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Challenges in the implementation of GDPR
25. January 2018

The debate on data protection and the new European General Data Protection Regulation (GDPR) is currently hot. Every week a new data leak is detected. And let's be honest: this is only the tip of the iceberg. Such cases are the reason for the legislator, to overreact and setting very strict directives.

 

From a business point of view, it is particularly painful that the GDPR prescribes the deletion of data. This is especially the case today when data is seen as the new gold, a core element of the new legislation that is completely at odds with technical and economic developments. However, this cannot be stopped.
We at andrion ag, therefore, rely on a simple, target-oriented and pragmatic approach in order to comply with the law with few resources. Common sense and specific knowledge allow us to quickly develop suitable concepts that can be implemented promptly. In addition, we have developed a compliance strategy with which GDPR conformity can be achieved in stages.

 

Data is not an end in itself
Improved data protection is important and urgently needed. From a business perspective, it is essential to understand what personal data and other business information is necessary to achieve these goals. One must also consider which personal data is still required after the conclusion of a business transaction. After all, most processes that take place after a transaction has been concluded - i.e. "mining gold" from existing data - are usually independent of personal data. Or if so, then only by individuals such as age, gender, place of residence, etc. Such personal data, which is necessary for the further success of the company, must be kept and protected!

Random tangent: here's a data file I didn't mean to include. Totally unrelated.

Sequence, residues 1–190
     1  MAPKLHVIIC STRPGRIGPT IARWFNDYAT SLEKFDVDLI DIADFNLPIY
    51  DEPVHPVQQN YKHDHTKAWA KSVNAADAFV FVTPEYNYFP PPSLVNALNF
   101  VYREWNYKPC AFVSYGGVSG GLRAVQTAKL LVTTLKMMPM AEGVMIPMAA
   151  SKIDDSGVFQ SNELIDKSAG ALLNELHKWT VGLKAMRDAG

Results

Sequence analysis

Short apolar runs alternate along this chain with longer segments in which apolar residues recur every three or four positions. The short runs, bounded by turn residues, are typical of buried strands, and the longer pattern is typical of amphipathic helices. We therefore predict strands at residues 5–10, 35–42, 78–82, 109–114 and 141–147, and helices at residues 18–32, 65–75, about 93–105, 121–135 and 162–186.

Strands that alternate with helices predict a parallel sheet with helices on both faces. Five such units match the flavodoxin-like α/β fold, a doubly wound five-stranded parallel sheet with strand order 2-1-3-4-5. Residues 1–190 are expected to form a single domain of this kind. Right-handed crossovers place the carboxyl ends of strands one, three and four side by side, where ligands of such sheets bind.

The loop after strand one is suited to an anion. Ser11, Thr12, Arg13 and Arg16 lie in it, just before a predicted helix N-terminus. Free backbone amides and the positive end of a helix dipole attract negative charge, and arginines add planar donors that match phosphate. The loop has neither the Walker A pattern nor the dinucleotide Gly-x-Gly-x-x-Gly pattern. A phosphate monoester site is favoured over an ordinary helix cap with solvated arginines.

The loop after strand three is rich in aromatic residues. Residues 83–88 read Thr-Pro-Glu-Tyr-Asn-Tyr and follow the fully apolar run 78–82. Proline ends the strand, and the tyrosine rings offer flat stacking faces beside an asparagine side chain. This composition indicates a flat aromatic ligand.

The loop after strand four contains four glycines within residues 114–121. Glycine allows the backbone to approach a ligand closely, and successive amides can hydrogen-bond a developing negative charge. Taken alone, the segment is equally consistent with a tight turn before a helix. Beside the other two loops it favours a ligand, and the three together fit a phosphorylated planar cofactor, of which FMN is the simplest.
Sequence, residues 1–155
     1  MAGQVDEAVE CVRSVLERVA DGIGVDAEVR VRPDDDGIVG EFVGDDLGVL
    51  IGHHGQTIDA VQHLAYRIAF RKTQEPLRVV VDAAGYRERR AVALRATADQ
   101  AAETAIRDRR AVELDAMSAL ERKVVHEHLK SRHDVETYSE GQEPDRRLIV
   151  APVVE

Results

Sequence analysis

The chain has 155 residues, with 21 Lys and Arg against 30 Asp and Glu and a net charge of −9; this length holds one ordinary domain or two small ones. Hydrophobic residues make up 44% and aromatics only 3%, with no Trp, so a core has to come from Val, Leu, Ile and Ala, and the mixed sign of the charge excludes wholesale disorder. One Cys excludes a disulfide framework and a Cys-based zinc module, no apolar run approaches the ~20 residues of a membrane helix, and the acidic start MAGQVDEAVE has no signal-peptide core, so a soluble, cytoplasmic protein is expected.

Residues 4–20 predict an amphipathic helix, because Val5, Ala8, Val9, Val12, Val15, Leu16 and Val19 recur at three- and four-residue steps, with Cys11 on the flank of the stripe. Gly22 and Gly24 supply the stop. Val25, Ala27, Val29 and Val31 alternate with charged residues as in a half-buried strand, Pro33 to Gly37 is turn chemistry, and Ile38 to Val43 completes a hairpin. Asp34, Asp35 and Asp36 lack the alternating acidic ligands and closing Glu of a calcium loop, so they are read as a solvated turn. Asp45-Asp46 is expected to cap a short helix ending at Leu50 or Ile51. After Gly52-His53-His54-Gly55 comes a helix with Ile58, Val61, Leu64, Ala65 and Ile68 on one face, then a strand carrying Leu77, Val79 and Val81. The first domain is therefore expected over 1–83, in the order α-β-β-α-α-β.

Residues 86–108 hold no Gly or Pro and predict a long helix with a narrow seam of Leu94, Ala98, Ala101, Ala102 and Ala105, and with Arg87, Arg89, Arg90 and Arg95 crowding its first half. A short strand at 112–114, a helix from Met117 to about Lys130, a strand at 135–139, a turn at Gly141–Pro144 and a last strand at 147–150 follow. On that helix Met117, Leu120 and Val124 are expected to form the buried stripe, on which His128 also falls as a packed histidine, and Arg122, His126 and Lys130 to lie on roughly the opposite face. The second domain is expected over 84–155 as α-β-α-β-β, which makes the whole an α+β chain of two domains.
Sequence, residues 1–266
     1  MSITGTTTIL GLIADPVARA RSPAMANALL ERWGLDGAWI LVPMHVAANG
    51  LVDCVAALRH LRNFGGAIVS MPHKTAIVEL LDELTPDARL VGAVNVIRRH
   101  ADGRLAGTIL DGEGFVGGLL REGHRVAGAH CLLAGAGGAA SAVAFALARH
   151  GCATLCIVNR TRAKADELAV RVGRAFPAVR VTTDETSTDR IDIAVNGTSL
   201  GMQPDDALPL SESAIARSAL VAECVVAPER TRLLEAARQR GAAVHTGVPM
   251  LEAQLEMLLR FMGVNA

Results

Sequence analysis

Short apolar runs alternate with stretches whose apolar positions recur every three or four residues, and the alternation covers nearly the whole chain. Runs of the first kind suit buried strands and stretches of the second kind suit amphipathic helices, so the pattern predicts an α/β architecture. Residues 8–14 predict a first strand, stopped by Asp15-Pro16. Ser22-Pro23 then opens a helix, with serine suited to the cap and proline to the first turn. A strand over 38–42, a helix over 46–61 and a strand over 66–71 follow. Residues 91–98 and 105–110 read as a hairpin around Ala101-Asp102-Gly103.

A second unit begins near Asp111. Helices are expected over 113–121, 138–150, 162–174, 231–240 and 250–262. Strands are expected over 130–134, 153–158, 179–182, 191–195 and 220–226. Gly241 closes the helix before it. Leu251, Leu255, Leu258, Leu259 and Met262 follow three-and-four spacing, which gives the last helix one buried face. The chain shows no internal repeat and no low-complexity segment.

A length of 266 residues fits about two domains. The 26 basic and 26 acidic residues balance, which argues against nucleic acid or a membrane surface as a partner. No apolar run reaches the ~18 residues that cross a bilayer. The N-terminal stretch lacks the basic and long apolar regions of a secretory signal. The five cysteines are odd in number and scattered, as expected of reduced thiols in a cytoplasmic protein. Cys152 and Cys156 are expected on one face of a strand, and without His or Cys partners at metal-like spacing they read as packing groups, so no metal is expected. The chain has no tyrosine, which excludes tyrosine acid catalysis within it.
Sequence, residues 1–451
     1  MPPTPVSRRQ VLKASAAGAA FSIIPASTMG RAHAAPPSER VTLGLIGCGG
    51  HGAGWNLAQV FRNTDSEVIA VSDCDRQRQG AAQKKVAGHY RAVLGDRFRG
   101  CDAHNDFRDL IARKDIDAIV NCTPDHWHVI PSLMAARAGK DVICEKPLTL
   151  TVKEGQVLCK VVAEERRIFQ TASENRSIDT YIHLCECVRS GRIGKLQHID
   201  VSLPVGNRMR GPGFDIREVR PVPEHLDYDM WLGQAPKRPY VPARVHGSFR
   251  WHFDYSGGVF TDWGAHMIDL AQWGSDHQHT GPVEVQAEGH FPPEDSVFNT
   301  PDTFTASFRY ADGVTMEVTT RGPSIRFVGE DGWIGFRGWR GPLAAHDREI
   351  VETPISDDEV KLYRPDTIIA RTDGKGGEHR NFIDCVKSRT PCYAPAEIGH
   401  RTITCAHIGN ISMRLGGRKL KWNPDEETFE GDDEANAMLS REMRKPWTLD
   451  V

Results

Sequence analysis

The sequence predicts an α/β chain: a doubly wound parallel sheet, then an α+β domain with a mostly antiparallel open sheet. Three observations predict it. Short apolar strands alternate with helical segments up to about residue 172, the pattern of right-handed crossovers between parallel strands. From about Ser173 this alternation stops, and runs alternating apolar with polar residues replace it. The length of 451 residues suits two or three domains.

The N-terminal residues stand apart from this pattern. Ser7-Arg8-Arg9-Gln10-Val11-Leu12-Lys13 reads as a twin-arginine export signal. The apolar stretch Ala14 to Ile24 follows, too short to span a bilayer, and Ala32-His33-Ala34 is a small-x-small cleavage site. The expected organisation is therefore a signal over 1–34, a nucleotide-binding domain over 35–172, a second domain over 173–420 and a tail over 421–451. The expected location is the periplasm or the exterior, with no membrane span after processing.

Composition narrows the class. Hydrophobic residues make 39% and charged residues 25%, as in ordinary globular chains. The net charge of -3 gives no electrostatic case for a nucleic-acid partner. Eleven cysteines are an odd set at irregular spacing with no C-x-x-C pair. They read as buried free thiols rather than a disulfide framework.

And this is exactly where we in andrion are bothered by the current demand to simply delete all personal data. Because more than 95% of the applications are meaningful and useful services and not data collectors per se. So, our approach is clearly focused on retaining all business-critical data and taking measures to protect it.


The first thing to bear in mind is that there are over 10,000 people with the name Zimmermann in the public Swiss telephone directory. There are still 232 of them with the first name Martin. My name alone is neither identifying nor worth protecting. Only in combination with various other attributes can an unambiguous assignment take place. But even my name including the address is not worth protecting. It is already in the public phone book.

 

Only when sensitive data is linked to the identified persons does it become tricky. Be it ethnic or health data, religious or criminal data. Or simply pictures and likes on social media platforms that reveal something about my preferences. This combination is dangerous from a privacy point of view and is becoming more and more strictly regulated.

 

Data is not just data

By looking at the topic from another perspective, things change a lot: If one has extensive business data without person-identifying characteristics, they can still be used to generate turnover-bringing business purposes, without violating however the data security. And this is exactly where we as andrion come into play. We strongly advise our customers against simply giving IT the order to delete the data, because then all data is irrevocably lost. And we also advise them to obtain legal advice, but not to rely solely on it. Because lawyers primarily implement what they believe they read in the GDPR and are sometimes too cautious in case of doubt.